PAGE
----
By: Brian Brush
One of the many hot topics in the fire service today is when we search. Our personal opinions, comforts with conditions and our performance vary with the individual and the fire company we are paired with. Regardless of your stance on a particular picture, video, or report of a “vacant” which was ultimately occupied, the bottom line is; if you are a firefighter at some point you will search.
It is a required skill to become a certified Firefighter 1 and meet NFPA 1001 5.3.9“Conduct a search and rescue in a structure operating as a member of a team, given an assignment, obscured vision conditions, personal protective equipment, a flashlight, forcible entry tools, hose lines, and ladders when necessary, so that ladders are correctly placed when used, all assigned areas are searched, all victims are located and removed, team integrity is maintained, and team members’ safety.”
It is the expectation of those we serve that we come and get them when they call for us. “The primary function of the Fire Department is the protection of life. Life is best protected by firefighters who are aware of their responsibilities in regard to search procedures and hoseline operations…A coordinated, concentrated team effort is required of all units conducting searches to ensure a proper, prompt search and removal of all endangered occupants. Refer to the Firefighting Procedure Manuals for specific areas of responsibility.” (FDNY Training Bulletin Search 1: 9/13/2011)
If twenty percent of the time, effort and print dedicated to the debate of search were applied to the education, training and performance of search; I believe we would be saving more lives, reducing our risks and in turn putting an end to the discussion.
To that note, the manner in which we conduct a search is the totality of the operation. If the two sides of the debate on VES are “the risk of the operation” versus the “speed of a single room search execution” the argument is lost in the positions. VES is a targeted search not a random wandering which in turn makes the “risk” to the occupant with a known location lower, and the “risk” to the fire department member lower, by reducing work load, exposure time and disorientation potential. As for speed of a single room search the time saved is not in the “single room search” it is in getting there. A firefighter with “Say Yes to VES” tattooed on his bicep that is not proficient in throwing a ladder to a second floor window or donning his mask on the move will not save anytime over a well-practiced firefighter entering a front door and ascending stairs.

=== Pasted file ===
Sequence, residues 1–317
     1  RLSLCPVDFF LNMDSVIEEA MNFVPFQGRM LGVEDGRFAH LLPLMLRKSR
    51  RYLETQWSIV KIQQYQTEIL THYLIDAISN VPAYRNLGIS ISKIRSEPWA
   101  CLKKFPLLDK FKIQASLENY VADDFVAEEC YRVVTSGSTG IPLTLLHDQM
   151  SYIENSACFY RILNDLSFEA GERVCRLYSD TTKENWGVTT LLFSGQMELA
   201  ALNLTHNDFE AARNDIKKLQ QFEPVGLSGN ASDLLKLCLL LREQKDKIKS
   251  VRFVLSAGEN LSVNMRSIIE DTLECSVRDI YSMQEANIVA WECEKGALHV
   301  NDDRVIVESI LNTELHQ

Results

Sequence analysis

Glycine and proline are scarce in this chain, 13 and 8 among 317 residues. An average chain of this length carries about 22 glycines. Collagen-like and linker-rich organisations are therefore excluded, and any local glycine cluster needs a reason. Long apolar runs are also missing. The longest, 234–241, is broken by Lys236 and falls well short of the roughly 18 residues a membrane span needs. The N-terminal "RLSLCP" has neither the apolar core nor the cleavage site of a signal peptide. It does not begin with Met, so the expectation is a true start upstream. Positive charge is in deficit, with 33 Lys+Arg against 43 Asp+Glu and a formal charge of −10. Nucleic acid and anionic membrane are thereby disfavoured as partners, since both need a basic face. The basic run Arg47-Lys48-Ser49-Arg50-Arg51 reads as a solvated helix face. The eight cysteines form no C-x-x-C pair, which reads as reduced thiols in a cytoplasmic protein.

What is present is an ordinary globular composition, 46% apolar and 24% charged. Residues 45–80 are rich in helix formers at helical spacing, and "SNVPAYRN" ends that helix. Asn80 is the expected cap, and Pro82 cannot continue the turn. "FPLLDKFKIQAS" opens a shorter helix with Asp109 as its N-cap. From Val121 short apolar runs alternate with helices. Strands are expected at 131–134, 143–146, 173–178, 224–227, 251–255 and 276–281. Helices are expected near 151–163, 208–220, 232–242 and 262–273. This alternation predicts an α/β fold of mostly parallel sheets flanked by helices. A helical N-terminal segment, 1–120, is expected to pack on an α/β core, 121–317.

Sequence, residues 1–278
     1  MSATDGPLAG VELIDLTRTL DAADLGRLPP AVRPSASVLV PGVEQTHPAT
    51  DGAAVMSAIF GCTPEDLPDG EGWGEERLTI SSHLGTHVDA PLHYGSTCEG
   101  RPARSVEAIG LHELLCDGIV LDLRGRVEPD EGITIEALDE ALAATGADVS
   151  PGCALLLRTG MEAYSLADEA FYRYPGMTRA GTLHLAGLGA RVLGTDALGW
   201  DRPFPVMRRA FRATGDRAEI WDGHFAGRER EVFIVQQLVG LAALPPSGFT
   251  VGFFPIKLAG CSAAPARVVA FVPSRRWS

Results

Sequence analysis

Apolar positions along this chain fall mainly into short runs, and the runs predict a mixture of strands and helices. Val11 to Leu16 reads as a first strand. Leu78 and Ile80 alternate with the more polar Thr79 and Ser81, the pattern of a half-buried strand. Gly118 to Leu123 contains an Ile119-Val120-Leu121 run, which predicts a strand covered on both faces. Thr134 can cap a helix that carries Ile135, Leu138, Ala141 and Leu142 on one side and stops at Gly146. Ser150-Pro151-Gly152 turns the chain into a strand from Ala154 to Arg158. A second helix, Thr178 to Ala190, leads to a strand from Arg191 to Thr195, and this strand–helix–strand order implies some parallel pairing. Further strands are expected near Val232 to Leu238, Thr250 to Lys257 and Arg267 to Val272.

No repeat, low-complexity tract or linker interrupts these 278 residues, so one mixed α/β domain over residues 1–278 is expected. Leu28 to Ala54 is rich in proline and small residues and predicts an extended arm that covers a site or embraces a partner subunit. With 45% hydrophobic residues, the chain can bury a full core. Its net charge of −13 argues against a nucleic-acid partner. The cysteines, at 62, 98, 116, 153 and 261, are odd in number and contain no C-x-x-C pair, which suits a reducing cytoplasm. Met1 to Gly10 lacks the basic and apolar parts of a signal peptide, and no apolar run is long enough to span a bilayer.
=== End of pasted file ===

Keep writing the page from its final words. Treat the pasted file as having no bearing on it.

I am not here to say that debate is not productive; it challenges our thinking which either intensifies our passion or gives us pause and reconsideration. My point is that the next rescue will not be made as a result of an exchange of thoughts on what “survivable” is. It will be made by the work/risk/effort/commitment/training/education/heart/drive/sweat/time of an individual or a team.
sweat/time of an individual or a team.
I am not a subject matter expert, I am not a seasoned veteran, I am not on the floor above every shift. I am a hard worker, I understand risk, I put forth the effort to practice my craft, I am committed to being my best when that day comes, I accept this as a profession of training and preparation, I know that I must study. My heart is in this job which I view as my life’s work, I am driven by a sense of pride, I will prove myself in sweat not in rhetoric and I will give as much time as is necessary, knowing full well I may never be done.I will share my resources, thoughts and practices on how I will search so that it may help prepare you for the day that you will search.